Craving a Better Balance

8 comments

Lately I’ve been thinking about how much I’m on the computer. The internet more specifically. I was away for a week recently and while I had my phone, I didn’t use a computer the entire time. I felt different. More relaxed, less anxious.

I’m on the computer a lot, every day. The first thing I do when I wake up is check my email. I use the computer at work all day and then in the evening spend time working on website related stuff, checking in on Facebook and checking my email. I’ve played around with setting up boundaries for myself around my internet use. For instance, I’ve been trying to tell myself that I won’t check my email or social media after 7:30 p.m. in order to give myself a better balance. The evenings that I successfully stay off the web I find that it’s easier for me to go to sleep and I wake up less anxious the next morning.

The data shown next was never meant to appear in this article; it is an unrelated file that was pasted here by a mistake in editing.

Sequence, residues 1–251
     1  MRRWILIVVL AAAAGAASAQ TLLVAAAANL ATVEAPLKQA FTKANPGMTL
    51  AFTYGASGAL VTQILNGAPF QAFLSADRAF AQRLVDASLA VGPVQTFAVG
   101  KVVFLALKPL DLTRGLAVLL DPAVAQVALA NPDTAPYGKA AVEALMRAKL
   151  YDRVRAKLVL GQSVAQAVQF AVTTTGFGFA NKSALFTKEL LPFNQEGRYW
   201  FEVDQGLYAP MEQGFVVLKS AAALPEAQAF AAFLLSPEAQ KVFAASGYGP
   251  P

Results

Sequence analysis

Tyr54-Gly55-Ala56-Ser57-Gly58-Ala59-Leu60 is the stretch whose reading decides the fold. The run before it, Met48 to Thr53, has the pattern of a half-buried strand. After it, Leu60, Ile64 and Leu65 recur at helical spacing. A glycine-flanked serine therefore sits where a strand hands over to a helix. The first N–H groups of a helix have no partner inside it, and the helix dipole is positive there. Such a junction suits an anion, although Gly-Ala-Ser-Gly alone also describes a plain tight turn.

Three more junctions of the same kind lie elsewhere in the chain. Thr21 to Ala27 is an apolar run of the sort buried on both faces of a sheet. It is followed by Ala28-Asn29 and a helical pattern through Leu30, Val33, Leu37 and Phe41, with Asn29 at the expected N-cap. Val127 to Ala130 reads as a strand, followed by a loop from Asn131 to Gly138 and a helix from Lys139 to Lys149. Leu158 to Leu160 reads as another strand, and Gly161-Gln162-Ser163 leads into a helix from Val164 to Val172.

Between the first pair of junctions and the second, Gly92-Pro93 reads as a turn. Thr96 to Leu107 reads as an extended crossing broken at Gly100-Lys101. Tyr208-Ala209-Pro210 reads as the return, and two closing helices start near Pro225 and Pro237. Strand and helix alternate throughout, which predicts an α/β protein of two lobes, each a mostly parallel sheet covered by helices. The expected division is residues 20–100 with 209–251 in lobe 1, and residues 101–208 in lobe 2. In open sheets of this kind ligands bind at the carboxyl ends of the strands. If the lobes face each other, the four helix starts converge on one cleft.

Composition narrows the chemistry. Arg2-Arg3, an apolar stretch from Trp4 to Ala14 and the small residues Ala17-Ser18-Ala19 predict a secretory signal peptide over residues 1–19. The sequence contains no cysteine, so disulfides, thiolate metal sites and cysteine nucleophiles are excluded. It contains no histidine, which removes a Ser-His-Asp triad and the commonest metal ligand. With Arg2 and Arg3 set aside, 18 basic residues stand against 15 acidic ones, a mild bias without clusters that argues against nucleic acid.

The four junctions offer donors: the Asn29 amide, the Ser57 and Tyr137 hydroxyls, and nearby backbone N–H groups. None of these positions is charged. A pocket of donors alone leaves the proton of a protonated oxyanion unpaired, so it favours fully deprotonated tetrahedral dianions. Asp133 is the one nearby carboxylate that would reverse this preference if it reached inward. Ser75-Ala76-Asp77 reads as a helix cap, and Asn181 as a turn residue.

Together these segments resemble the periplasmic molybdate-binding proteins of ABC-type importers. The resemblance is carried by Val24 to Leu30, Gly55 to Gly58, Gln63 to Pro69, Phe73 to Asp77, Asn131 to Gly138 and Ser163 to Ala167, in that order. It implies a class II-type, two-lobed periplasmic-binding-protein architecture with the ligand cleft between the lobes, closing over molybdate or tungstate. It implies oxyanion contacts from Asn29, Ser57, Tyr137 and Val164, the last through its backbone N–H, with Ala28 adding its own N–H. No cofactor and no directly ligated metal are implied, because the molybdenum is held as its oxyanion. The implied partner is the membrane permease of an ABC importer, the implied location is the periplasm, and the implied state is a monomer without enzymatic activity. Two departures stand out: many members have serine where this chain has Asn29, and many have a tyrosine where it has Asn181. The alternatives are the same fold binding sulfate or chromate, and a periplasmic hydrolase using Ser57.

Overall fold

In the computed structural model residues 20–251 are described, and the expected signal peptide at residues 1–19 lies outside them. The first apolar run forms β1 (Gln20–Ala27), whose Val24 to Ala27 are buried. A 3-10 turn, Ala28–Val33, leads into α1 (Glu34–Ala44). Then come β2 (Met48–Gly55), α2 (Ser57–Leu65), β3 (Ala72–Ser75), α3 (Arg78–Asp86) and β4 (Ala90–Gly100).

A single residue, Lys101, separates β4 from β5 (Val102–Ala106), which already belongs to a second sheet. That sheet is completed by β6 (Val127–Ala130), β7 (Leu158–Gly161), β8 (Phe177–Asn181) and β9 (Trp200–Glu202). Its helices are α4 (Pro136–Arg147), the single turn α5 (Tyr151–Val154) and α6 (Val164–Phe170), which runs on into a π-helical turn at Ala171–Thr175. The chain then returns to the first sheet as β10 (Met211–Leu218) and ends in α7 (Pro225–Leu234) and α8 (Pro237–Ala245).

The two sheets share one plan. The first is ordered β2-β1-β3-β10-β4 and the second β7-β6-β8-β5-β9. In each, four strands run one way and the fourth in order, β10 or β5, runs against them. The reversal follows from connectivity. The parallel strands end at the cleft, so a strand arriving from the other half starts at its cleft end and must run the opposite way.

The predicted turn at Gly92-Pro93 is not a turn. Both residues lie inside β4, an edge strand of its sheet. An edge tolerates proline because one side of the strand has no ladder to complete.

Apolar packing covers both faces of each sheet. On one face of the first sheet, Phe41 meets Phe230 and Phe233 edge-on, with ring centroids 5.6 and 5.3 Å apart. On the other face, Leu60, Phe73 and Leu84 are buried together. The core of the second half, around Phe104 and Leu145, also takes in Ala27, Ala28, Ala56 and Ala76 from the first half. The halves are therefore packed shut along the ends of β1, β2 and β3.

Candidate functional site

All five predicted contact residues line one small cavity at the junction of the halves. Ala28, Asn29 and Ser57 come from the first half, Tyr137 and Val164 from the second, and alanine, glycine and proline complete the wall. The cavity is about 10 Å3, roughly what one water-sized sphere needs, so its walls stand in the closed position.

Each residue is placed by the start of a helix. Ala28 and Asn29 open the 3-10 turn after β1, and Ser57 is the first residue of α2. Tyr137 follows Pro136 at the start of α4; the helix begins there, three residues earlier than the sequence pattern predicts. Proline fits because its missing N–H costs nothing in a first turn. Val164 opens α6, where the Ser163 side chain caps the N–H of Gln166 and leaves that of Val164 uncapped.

But more often than not, I still find myself checking my phone at night to see if I have any emails. I say to myself that someone might NEED something from me! What if one of my writers needs help with their post? What if someone needs me for something immediate? I know those aren’t rational thoughts. The reality is that even if someone does need me for something, there’s nothing wrong with waiting till the next day to get back to them. But that what if mentality is hard for me to overcome. And it causes me a lot of anxiety. Maybe I struggle with this because I also struggle with a life-long case of perfectionism. Maybe to me, part of being a perfect person is getting back to people ASAP.

Another component of this that’s been on my mind is that I think I’ve kind of replaced real, in-person relationship with virtual ones. Not that virtual friendship are bad, not at all. But I feel like I’m missing that real connection with people sometimes. The other day I had lunch with a friend that I haven’t seen in months and it was so wonderful! It was refreshing to see her face-to-face. To have our conversation flow naturally, unedited. To feel more connected to her than when we catch up online.